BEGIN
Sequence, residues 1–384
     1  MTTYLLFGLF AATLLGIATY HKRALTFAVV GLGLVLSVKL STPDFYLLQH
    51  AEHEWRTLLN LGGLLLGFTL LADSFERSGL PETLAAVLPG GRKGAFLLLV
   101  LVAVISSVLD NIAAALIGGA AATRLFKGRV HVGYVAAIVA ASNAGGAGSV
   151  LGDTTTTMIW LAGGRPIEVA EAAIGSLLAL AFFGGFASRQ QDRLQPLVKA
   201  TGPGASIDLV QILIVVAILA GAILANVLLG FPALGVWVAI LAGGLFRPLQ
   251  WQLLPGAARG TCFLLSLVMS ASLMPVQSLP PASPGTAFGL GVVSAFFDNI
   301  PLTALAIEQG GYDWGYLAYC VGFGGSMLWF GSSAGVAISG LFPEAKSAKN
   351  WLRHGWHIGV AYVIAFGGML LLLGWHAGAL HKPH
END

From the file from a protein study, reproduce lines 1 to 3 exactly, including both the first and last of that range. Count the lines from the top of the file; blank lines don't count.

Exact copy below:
Sequence, residues 1–384
     1  MTTYLLFGLF AATLLGIATY HKRALTFAVV GLGLVLSVKL STPDFYLLQH
    51  AEHEWRTLLN LGGLLLGFTL LADSFERSGL PETLAAVLPG GRKGAFLLLV